In fact, the only home version I’ve seen where the speed-hack was offered was Ms. Pac-Man on Sega Genesis. While it might be featured elsewhere, it was not available on the Pac-Man GameBoy Advance collection, the Namco Museum collection for Playstation, or the Plug n Play version.

Which leads me to my final story. One of my wife’s friends threw a giant Ms. Pac-Man tournament in 2012, and offered some really nice prizes. Gift baskets with nice bottles of wine and gift cards to restaurants. Winning this tournament was a big deal. I was ready. I had YEARS of experience playing this game since my loss to Hegan, and I knew I would win it. Classic story of redemption.

Unfortunately, we’re using the Plug n Play version with slow-ass Ms. Pac-Man. Even though all my experience is with the fast version, it wasn’t going to be an issue. I could adapt.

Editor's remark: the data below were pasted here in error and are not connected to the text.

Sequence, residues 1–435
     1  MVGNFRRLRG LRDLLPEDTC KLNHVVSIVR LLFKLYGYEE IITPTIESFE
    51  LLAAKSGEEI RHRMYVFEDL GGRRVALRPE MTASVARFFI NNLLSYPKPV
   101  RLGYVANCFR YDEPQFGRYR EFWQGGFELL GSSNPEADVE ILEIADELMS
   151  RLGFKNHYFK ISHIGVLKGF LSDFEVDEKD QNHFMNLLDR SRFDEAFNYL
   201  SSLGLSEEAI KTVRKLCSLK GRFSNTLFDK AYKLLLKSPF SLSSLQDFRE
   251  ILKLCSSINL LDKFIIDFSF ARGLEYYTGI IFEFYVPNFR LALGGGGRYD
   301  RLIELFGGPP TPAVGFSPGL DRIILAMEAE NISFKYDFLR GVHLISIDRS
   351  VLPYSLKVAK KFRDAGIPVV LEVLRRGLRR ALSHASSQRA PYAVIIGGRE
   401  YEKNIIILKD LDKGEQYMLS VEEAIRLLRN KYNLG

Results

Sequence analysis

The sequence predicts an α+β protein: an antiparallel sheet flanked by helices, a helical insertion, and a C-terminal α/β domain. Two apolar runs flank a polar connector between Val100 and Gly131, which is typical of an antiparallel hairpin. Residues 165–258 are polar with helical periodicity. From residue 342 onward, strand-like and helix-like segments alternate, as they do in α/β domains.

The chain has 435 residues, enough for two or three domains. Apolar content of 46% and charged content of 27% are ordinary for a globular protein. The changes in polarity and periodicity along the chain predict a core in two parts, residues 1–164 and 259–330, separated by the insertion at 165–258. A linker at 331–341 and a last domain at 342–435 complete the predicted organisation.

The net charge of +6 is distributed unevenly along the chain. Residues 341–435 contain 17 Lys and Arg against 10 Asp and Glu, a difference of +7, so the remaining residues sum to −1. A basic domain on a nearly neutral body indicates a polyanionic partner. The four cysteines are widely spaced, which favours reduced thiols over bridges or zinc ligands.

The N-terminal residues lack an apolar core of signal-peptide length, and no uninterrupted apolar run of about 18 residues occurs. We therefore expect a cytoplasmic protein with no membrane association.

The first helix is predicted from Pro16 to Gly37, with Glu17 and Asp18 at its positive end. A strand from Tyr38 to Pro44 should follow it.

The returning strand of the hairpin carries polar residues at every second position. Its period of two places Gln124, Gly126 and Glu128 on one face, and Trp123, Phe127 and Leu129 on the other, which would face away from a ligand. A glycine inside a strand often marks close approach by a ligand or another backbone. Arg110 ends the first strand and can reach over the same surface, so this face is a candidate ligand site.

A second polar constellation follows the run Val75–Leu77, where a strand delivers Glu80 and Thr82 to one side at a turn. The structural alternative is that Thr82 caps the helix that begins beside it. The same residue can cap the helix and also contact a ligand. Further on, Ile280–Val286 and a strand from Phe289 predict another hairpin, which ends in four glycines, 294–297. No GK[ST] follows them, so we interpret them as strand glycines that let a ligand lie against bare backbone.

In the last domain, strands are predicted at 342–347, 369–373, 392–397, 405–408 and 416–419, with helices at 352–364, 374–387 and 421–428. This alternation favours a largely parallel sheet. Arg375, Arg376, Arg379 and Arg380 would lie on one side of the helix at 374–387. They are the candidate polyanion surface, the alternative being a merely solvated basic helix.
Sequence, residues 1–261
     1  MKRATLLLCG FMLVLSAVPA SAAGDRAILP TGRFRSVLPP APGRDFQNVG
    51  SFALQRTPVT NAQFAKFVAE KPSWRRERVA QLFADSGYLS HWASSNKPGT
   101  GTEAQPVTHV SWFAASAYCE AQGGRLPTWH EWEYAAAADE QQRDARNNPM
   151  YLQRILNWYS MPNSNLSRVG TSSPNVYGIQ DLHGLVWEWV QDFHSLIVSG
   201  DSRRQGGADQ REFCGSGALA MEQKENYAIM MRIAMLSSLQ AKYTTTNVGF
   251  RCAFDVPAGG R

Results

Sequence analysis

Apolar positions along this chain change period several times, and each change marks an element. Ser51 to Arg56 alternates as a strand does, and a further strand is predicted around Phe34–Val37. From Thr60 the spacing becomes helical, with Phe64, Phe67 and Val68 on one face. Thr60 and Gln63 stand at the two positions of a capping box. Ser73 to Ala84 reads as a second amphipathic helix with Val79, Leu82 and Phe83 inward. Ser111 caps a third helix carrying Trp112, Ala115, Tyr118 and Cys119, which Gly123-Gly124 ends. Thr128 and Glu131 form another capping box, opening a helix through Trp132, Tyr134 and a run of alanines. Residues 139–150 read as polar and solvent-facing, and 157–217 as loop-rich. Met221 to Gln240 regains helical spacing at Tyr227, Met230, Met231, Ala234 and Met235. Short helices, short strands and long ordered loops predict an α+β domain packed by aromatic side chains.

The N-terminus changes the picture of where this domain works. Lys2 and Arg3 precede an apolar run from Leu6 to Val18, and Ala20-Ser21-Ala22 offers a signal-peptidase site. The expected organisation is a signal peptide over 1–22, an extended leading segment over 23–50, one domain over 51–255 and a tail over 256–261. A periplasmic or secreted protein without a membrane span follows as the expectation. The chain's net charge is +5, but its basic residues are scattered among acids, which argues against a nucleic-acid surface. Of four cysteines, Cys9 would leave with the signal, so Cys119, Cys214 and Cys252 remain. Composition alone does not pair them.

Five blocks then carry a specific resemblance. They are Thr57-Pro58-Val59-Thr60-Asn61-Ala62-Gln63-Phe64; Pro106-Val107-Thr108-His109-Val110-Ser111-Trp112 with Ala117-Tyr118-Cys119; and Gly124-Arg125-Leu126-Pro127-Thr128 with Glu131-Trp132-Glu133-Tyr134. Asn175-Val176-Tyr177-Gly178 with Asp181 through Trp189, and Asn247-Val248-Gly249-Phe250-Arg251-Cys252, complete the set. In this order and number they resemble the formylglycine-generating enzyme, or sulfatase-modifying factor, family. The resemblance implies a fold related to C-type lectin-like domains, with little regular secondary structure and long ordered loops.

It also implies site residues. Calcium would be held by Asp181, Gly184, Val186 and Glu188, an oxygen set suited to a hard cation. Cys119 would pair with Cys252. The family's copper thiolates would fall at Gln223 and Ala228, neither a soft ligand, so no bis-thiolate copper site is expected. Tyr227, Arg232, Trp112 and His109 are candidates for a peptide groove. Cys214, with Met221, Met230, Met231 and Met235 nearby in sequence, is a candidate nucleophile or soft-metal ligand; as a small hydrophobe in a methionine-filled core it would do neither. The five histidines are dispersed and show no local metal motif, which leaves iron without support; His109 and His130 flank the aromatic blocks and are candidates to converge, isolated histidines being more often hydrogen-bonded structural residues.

I let my opponent go first. She scored a paltry 15,560 points. She made some really bad choices (eating a second power pellet before the first one wore off), which gave me confidence that I would win.

Unfortunately, pitiful gameplay was contagious that night. I had gotten to the second stage with one life remaining. I sat at 15,470 points, and saw the strawberry right above me. Grab the strawberry, get to the next round.

I could blame the joystick. I could blame the jolt in gameplay mechanics that I wasn’t expecting. But instead of going up, I went right. And ran into the ghost. Game over. She won by 90 points.

It felt like 1997 all over again. For the next few hours, I tried to put on a smile to mask the anger I had at losing like that.